Interview: Daniel Kablan Duncan
How can trade between Morocco and Côte d’Ivoire be improved and expanded?
DANIEL KABLAN DUNCAN: In recent years, trade volumes have increased between the two countries, but one cannot deny that figures remain low. In 2011 Morocco represented a mere 1.02% of Côte d’Ivoire’s foreign trade and 1.3% in 2013. Morocco is only Côte d’Ivoire’s 25th-largest supplier; however, trade flows are accelerating, especially in terms of investment, leading to greater prospects.
Recently, Côte d’Ivoire and Morocco signed 26 partnership agreements, covering a great variety of sectors. Those agreements should jumpstart cross-sector activities. Already, Morocco has a strong presence in the banking sector, with Attijariwafa Bank having a 51% stake in Société Ivoirienne de Banque. After all, finance is at the heart of any economy, and if Morocco is in the banking sector, it will be able to diversify its activities.
Since 2012, a new investment code has been in effect to facilitate trade. The Investment Promotion Agency of Côte d’Ivoire also put in place a single window that allows investors to establish a company within 48 hours. The World Bank’s “Doing Business 2014” report ranked Côte d’Ivoire among the top 10 countries making major improvements. Thus, in two or three years from now, trade flows between our countries should be higher than they currently are.
What are the main constraints to trading between North and West Africa?
DUNCAN: Most urgently, we need to improve transport infrastructure as a whole. There is a lack of railways and roads linking North and West Africa, and while on the maritime front there is existent and functioning infrastructure, regularity is often a problem. Another constraint is finance. Compared to Asian countries, which invest massively through concessional loans, North African countries’ financial support to West Africa is small. That is partly due to the fact that North African economies are themselves in need of external financing. Lastly, while West Africa currently benefits from North Africa’s expertise in a variety of sectors, such as tourism, agriculture and health, it is not as diversified as it should be. So, while Western countries are generally more advanced and contribute more in terms of expertise, the proximity between North and West Africa simplifies trade and expertise sharing.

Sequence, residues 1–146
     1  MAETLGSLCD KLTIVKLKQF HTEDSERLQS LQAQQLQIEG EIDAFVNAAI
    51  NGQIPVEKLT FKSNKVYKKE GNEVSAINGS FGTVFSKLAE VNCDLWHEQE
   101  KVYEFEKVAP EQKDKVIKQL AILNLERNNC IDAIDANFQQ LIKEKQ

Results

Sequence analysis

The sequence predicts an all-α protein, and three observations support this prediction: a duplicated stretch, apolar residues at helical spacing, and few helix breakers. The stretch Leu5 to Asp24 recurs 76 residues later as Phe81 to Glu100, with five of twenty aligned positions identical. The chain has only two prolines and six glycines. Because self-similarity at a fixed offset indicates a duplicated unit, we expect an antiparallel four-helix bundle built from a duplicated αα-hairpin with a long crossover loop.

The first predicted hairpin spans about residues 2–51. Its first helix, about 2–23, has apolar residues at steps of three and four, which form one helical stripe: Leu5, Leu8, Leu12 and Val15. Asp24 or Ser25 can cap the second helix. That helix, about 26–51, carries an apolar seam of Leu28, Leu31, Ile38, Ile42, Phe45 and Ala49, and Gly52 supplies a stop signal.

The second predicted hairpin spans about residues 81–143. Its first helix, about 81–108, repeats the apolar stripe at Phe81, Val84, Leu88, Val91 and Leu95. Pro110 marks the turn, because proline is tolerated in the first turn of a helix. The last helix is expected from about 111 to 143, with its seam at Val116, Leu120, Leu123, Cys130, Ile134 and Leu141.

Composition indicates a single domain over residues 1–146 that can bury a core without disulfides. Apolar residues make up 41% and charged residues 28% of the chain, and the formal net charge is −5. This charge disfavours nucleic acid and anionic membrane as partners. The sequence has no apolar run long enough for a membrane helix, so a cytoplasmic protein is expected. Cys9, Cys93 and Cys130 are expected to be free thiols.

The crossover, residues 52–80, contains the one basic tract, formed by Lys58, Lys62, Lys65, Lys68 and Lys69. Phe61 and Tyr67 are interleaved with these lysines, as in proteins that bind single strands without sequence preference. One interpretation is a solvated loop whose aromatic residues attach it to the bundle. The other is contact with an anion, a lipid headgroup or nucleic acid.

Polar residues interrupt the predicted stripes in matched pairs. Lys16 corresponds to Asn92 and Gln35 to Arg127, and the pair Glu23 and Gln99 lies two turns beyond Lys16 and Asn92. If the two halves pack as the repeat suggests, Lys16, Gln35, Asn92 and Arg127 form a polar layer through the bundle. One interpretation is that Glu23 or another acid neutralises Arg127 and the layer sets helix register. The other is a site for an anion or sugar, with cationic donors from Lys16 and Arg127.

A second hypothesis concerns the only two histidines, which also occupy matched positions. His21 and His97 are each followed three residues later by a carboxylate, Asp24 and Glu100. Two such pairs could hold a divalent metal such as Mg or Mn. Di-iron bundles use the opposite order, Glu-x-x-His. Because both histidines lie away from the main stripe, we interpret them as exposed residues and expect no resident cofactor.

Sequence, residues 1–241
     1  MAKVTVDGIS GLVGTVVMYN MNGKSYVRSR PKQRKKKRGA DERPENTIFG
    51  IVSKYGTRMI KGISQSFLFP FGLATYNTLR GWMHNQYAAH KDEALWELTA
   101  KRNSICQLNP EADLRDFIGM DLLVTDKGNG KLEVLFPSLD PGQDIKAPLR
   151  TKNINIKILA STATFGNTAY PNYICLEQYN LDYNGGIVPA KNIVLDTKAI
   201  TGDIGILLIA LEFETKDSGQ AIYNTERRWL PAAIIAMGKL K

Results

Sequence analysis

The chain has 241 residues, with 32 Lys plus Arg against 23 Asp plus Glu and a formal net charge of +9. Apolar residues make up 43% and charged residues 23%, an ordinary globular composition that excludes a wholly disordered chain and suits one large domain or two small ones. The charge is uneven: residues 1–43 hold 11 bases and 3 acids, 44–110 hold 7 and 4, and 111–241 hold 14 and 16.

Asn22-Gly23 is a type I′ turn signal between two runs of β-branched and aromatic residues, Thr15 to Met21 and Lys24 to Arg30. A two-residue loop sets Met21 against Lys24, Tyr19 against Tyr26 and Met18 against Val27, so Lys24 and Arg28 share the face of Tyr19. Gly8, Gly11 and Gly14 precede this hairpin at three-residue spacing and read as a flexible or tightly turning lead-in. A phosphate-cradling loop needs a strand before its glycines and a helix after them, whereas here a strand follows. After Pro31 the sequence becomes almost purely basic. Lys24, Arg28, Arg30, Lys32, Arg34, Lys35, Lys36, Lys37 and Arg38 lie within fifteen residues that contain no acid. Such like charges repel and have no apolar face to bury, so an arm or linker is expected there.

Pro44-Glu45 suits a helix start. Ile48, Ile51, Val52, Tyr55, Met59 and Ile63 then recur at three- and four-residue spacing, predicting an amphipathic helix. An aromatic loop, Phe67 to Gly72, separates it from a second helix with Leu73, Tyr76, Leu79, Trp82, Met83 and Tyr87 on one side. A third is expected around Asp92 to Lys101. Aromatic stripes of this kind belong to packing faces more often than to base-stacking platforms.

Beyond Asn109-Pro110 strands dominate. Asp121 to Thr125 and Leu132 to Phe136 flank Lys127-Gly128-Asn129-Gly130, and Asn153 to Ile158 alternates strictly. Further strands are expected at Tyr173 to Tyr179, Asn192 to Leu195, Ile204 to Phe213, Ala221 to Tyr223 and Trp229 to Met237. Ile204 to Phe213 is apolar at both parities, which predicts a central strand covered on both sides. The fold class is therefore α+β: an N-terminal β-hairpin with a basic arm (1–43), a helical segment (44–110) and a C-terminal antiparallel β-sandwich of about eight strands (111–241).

What sectors offer Moroccan companies the greatest investment opportunities?
DUNCAN: Following Côte d’Ivoire’s post-electoral crisis, the construction and real estate sectors boomed. Moroccan firms Groupe Alliances and Groupe Addoha have invested in this sector and each plans to build 10,000 housing units in 2014. Those investments should help boost trade between the two countries in terms of equipment and machinery. Additionally, Moroccan construction firm Ciments de l’Afrique has decided to expand its current cement factory, enlarging production capacity from 500,000 tonnes to 1m tonnes. There are also a number of economic infrastructure projects in which investment will be required, especially to extend our road network in the north-east of Côte d’Ivoire. Morocco’s Somepi and Société Nationale d’Opérations Pétroliéres de la Côte d'Ivoire could also form partnerships to produce lubricants and liquefied petroleum gas bottles. In the last decade we have fallen behind, but we now aim to accelerate our growth.
How can the Moroccan and Ivorian governments encourage further private sector cooperation?
DUNCAN: In order to boost private sector participation in our economies, there is a need to primarily focus on greater cooperation in the private sector. The General Confederation of Businesses of Côte d'Ivoire and the General Confederation of Enterprises of Morocco have signed a partnership agreement for the creation of an economic council. Our governments also have their own share of responsibility. Governments need to lay down the groundwork to facilitate private investment, and, to a larger extent, private sector participation.
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